May 24, 2021 at 2:58 p.m.
The finalists were announced May 16 in an online video after going through judging at the annual May Leadership and Promotion Event the day before. Candidates could choose whether they participated in person or through a virtual platform.
“We had a great team effort with a lot of people pulling their weight to make the event possible,” said Jenna Davis, Midwest Dairy farmer relations manager. “If they chose an in-person judging time, we tried to keep them no longer than 2.5 hours to minimize the potential for any exposure to any risk, and we tried to keep the groups small.”
The workshops that are typically included in this event were moved to an online platform in the four weeks leading up to the judging.
This year’s 10 finalists include Emeliya Dose, 18, of Plainview, representing Wabasha County; Kelsey Erf, 19, of Oakdale, representing Washington County; Anna Euerle, 19, of Litchfield, representing Meeker County; Alaina Johnson, 18, of Dakota, representing Houston County; Kelsey Kuball, 19, of Waterville, representing Rice County; Emily Leonard, 21, of Norwood Young America, representing Carver County; Isabelle Lindahl, 20, of Lindstrom, representing Chisago County; Megan Meyer, 17, of Rollingstone, representing Winona County; Jessica Ohmann, 20, of Albany, representing Stearns County; and Katrina Thoe, 22, of Hayfield, representing Dodge County.
“We were all screaming and hugging,” Ohmann said about the moment her name was announced on the video while she watched it with her family. “Once they called my name, I was filled with happiness and excitement because I worked very hard to get to that point. I was overwhelmed, and it came as a bit of a shock because I know there are so many good girls in Minnesota that could represent our whole state.”
Although Kuball watched the announcement herself, she had her parents on the phone with her during that time.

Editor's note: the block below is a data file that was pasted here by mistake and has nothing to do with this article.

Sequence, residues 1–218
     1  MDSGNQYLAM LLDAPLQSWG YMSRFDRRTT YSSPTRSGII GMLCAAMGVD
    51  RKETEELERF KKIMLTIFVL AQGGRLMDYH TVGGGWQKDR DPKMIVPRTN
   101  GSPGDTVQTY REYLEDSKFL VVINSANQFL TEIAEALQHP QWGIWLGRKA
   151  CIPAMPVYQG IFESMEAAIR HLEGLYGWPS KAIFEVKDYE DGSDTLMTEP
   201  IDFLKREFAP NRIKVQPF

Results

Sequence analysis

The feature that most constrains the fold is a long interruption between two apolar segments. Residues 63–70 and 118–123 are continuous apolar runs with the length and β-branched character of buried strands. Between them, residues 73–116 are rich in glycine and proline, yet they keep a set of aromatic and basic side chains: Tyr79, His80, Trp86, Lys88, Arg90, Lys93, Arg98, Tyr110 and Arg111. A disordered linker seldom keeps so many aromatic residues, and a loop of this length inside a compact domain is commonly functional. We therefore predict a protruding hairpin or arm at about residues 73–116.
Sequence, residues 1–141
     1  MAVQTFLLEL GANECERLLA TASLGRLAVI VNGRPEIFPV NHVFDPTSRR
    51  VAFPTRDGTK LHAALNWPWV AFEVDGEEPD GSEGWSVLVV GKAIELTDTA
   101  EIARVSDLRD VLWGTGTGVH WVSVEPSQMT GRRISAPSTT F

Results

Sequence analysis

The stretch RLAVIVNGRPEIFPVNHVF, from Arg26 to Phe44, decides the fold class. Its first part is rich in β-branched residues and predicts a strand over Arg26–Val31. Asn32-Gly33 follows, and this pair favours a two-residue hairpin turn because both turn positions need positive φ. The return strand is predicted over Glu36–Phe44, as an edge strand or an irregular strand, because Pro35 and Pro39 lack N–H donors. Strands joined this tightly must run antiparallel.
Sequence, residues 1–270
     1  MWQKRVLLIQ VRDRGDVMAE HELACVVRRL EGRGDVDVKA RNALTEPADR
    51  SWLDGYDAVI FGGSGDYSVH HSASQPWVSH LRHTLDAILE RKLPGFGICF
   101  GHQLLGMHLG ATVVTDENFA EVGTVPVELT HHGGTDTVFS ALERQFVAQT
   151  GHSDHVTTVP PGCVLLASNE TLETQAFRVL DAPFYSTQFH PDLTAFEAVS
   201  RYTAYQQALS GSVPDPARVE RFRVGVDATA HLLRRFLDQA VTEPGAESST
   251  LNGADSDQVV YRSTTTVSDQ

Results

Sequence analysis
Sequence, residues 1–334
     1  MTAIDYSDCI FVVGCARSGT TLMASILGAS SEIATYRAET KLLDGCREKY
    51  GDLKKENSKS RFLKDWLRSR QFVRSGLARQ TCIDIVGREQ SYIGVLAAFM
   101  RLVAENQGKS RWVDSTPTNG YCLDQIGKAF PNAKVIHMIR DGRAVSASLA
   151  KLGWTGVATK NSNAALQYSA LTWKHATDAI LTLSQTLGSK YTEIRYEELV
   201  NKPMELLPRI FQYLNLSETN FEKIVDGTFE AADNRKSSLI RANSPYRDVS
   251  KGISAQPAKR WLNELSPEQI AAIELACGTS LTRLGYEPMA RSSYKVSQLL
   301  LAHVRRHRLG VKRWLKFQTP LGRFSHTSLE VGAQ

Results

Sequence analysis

“I did a lot of screaming, and I could hear my mom on the other end screaming too,” she said.
When Johnson was watching the video with her friends, she started crying when she heard her name.
“It meant so much to me,” Johnson said. “I remember watching my three aunts who were Princess Kay finalists at the state fair get their heads carved out of butter. I have always said I want to be that someday. Me being named a Princess Kay finalist means I’ve made it.”
Although Johnson’s love for dairy started at a young age, her time in high school sparked her interest in promotion.
“I went to a high school that didn’t really know about agriculture and dairy products so I was able to share with them my passion of dairy and why they should add it to their diet,” Johnson said.
Kuball has had a similar experience as she attends a private Christian college.
“Almost no one has interacted with agriculture, and when I bring up cows, people are so excited,” she said. “I really love to talk about my own experiences and really make the dairy farmer someone who is personal. They are people who are members of your community around you, and they care and are invested in their business and community.”
Ohmann looks forward to sharing dairy messages with people this summer as a Princess Kay finalist and Stearns County ambassador.
“No matter in our county whether you’re a princess or an ambassador we all have the same events and the same opportunity to share our own personal dairy stories,” Ohmann said.
This includes telling people to consume three servings of dairy every day – her favorite dairy message.
“I know not everybody is getting those three servings,” Ohmann said. “Maybe you start your day with yogurt. Have cheese incorporated in your lunch and a glass of milk with a meal. I think by adding dairy in little ways, like cheese on your salad, it’s great to get three servings every day.”
One of Johnson’s favorite messages to share is how dairy is responsibly produced.
“As a dairy farmer, I have a lot of experience working on my farm with the cows and calves both,” Johnson said. “I have a lot of experience knowing they are well cared for and what we do matters. So many consumers don’t know what goes on at a dairy farm and how well we do care for our animals. I would love to be able to share that with them.”
All three are excited to have their head carved in a 90-pound block of butter, a tradition that will carry on regardless of any possible cancellations.
“The butterhead is the first thing I thought of, thinking about what are we going to do with that?” Kuball said. “We’ve always talked about doing a sweet corn feed so I am definitely excited to do that.”
Most importantly, Kuball, Ohmann and Johnson are excited to share Minnesota’s dairy community with others.
“I’m so honored to be able to represent Minnesota’s dairy farmers,” Johnson said. “I hope to do the best job I can and educate consumers on dairy’s great qualities that are responsibly produced and nutrient rich, and be able to share my dairy story with as many people as I can.”
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